Sean Rodriguez 2013 Preview
Sean Rodriguez remains useful because of his defensive flexibility.
Heading into the 2012 season, we expected Tampa Bay Rays infielder Sean Rodriguez to have to some AL-only value based on being a super sub and qualifying at so many positions. To wit, we ranked him 24th in our Second Base rankings, 28th in our Shortstop Rankings and 32nd in our Third Base Rankings.
So how did that all play out?
Not well. After starting 2012 as the Opening Day shortstop (by beating out Reid Brignac and Elliot Johnson for the job), Rodriguez struggled out of the gate before turning it on in May.
Unfortunately, that was as good as it got, and he suffered through a season in which he was demoted and then busted a hand punching a locker at Triple-A. When the dust settled, he didn’t even stack up as a top 50 second baseman or shortstop and wasn’t even a top 60 third baseman. On the plus side, he’ll qualify at all three positions again this year, so at least he’s got that going for him. Of course, thanks to Evan Longoria’s injury, Rodriguez saw a lot more time at the hot corner than anticipated.
Let’s take a closer look at S-Rod’s 2012 campaign.
Rodriguez struck out more often than usual – which was plenty to begin with – and after back-to-back double-digit steal seasons, he only swiped five bags (on just five tries, too; what up with that?). That, combined with less power and a weaker BA limited him to use only in deeper AL-only leagues.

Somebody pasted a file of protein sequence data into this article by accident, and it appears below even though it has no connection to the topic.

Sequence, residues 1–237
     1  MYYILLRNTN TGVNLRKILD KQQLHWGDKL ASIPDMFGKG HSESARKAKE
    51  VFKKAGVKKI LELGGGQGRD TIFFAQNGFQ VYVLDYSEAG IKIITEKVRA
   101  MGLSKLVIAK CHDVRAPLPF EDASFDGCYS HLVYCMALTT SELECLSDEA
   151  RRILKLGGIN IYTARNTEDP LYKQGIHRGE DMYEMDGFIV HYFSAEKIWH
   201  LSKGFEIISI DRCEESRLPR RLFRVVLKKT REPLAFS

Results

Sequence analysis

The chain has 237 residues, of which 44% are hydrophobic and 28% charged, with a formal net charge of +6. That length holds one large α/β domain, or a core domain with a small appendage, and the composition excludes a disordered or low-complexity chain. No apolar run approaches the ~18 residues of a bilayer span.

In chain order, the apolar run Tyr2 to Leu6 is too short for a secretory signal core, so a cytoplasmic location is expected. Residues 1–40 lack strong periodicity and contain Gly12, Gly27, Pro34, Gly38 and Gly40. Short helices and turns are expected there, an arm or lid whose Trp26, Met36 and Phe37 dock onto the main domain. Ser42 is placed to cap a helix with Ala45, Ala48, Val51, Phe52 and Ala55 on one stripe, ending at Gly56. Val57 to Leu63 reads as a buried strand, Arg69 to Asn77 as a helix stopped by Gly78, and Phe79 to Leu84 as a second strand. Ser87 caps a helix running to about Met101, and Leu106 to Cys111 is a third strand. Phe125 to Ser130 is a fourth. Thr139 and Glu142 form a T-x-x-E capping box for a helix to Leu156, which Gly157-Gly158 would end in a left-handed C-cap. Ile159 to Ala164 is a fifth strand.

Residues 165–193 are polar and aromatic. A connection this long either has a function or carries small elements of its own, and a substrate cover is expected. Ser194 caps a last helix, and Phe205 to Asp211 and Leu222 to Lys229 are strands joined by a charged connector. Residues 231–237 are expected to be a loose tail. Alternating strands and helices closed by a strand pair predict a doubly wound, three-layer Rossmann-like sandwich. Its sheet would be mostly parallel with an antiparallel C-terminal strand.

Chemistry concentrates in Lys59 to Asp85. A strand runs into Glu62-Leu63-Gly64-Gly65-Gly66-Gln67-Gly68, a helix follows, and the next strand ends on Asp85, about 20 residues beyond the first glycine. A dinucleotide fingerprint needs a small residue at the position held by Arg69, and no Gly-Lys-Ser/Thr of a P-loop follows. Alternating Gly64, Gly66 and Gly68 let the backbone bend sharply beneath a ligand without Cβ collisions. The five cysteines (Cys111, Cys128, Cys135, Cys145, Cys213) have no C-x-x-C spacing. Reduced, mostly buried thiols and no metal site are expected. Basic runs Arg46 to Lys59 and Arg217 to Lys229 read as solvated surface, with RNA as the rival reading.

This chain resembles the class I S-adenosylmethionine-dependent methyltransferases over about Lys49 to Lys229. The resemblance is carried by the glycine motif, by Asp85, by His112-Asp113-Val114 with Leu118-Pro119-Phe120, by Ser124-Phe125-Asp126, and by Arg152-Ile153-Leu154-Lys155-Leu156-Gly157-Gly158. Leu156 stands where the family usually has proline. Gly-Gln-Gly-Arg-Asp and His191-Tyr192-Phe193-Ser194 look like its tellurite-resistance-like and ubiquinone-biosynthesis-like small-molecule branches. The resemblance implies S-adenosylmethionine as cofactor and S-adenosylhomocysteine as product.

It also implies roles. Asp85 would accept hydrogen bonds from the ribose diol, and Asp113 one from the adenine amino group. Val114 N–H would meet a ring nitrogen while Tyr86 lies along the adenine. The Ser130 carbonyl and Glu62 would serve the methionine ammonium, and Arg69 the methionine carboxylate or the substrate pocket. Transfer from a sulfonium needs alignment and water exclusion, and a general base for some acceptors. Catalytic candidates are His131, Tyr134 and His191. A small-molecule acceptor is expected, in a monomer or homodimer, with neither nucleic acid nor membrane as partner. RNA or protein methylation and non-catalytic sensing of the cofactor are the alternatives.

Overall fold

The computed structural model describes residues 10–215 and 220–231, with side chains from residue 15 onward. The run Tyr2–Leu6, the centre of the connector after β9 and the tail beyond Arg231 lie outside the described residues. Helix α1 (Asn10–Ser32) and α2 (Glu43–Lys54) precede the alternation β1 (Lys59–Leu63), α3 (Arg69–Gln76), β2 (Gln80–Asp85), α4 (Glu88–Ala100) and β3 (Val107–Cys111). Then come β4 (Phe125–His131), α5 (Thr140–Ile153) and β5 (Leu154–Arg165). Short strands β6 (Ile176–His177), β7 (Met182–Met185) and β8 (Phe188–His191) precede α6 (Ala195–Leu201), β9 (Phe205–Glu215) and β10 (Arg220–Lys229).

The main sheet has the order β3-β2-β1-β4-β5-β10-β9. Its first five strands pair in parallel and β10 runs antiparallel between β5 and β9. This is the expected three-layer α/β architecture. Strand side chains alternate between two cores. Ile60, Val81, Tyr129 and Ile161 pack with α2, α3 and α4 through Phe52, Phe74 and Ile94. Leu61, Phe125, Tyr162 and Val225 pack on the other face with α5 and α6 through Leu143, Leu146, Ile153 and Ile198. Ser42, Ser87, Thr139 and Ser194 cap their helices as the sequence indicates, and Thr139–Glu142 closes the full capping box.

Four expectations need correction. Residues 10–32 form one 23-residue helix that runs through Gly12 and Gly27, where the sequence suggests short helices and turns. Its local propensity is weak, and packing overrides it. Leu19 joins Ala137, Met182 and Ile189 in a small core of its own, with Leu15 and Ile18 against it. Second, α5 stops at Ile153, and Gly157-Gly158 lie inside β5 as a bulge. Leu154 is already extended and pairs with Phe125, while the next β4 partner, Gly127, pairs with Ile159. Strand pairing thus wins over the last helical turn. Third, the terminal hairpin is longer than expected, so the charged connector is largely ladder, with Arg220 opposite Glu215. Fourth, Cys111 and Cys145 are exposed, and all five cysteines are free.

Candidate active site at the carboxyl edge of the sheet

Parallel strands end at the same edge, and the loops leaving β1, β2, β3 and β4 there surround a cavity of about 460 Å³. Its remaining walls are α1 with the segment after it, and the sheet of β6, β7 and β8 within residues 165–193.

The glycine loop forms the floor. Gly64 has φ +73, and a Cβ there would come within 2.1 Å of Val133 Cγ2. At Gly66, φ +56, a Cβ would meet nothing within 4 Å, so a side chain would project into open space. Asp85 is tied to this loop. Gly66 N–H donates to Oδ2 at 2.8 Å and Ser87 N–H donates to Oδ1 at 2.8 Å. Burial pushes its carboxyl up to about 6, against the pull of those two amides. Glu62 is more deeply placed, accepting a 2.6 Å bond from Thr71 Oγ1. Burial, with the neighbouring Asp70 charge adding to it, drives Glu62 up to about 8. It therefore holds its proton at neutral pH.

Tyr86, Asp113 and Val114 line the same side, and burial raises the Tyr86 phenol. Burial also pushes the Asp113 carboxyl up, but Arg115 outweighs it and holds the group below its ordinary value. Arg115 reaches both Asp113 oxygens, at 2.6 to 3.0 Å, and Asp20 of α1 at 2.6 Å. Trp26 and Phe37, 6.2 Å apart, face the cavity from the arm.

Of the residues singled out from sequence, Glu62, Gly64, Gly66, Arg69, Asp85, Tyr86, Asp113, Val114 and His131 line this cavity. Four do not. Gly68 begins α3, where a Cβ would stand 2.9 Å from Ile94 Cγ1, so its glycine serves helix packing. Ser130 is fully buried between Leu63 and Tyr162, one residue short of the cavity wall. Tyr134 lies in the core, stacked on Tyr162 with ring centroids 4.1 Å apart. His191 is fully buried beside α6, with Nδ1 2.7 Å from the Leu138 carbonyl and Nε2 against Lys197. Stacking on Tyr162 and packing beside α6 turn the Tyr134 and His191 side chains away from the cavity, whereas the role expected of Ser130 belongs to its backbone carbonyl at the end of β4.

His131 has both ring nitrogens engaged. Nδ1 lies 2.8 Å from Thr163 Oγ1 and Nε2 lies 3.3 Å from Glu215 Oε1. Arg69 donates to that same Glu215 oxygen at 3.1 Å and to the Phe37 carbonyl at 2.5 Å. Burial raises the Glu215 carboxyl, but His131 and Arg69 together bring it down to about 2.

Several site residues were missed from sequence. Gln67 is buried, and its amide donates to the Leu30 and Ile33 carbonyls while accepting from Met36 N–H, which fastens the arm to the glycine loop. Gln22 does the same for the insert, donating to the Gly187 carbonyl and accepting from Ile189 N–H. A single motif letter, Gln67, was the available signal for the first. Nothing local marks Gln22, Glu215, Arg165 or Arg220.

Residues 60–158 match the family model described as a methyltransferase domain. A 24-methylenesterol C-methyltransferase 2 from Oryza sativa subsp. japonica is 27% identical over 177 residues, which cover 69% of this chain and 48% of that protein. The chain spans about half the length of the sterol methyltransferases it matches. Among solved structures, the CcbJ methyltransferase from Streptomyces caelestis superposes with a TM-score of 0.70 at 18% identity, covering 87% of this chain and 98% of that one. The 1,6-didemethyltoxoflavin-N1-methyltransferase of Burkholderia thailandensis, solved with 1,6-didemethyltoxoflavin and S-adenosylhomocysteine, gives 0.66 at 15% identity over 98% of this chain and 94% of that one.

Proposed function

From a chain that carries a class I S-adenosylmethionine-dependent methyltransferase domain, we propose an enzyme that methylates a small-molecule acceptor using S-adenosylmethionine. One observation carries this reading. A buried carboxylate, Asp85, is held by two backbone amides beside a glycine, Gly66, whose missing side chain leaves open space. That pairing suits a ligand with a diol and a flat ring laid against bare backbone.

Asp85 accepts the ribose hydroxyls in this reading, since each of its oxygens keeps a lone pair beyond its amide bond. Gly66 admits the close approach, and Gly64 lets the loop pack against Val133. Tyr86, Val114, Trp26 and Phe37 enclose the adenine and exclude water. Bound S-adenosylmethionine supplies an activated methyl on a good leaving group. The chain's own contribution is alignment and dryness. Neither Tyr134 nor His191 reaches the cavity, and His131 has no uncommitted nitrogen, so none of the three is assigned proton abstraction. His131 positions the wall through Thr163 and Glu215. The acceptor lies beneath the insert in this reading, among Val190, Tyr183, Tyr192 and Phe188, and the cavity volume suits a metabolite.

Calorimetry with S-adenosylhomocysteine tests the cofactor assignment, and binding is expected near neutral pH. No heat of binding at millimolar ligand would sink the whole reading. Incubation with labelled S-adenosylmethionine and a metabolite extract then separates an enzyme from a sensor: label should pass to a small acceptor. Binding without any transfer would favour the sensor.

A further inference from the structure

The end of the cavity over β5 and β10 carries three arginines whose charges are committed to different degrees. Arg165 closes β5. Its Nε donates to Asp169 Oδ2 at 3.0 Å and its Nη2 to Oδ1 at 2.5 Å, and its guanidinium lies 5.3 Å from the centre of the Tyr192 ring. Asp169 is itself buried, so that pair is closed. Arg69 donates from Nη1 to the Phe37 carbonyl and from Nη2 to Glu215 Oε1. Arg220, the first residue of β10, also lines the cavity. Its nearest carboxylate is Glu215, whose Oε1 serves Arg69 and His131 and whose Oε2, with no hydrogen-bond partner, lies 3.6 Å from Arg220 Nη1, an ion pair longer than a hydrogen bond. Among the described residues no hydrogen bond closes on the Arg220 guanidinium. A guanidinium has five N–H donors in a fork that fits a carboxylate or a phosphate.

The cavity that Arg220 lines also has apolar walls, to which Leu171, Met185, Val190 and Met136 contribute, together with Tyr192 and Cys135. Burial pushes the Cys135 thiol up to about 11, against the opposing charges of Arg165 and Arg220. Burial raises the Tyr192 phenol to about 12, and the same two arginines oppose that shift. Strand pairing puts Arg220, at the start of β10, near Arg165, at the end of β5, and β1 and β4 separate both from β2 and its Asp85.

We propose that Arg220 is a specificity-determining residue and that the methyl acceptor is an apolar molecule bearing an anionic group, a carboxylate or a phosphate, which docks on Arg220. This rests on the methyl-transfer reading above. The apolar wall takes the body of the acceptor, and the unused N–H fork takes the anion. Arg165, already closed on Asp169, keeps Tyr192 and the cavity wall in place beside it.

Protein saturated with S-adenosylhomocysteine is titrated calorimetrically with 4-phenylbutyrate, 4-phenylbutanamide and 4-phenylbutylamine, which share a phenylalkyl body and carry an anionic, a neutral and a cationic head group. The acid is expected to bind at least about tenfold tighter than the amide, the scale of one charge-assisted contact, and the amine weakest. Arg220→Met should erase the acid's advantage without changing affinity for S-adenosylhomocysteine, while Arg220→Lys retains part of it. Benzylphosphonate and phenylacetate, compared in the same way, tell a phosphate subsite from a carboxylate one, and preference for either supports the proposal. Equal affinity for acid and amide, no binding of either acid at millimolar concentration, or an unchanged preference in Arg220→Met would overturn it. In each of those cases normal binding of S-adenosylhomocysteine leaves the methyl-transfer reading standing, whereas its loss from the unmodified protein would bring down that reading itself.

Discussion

Rodriguez flashed talent with the Angels, but since he’s come to Tampa, he’s regressed every season. And now, given that he’s 27, it’s fair to wonder if there is any upside left in his game.
This is a flyball hitter that’s had a low number of his flyballs leave the park the past couple of seasons. All told, there’s no doubt Rodriguez performed below expectations and it helped underscore the Rays’ need for more offensive production.
Rodriguez’s BABIP has been pretty low the past couple of seasons, so there’s reason to believe he’s capable of doing a bit better in that department, but it’s not as if he’ll ever be a .300 hitter (his lifetime BA is just .225).
The utility man was eligible for arbitration this offseason, but the Rays didn’t flinch, agreeing with him on a one-year, $1-million deal. Unfortunately, it’s hard to envision Rodriguez as more than a part-time player given his struggles against righties (.205/.230/.345 last year). Then again, his 655 OPS against southpaws wasn’t exactly awe-inspiring either.
As long as he’s supplying modest power and speed, you’re willing to suck up that awful BA because of the great positional flexibility S-Rod offers. But if that eligibility is all he brings to the table, it’s a tougher sell. It’s hard to imagine Rodriguez being worse than he was last year, when he was one of the most awful offensive players in the majors (considering how much PT he got).
Looking forward, Rodriguez will likely get a bit more PT this year (assuming he’s healthy and sticks in majors) and we’re expecting him to flirt with double-digit power and speed with a crappy BA. One interesting possibility is that he’ll see time in the outfield again now that B.J. Upton is gone, and if Rodriguez can qualify there as well, he’ll be even more useful for Fantasy purposes. Remember that he played a couple of games in the outfield in 2011 and appeared in enough games to qualify there in 2010.
Because of the lack of options at second base and shortstop, Rodriguez is showing up in mock drafts as a late-round option. We’re talking about an ADP higher than 385, though.
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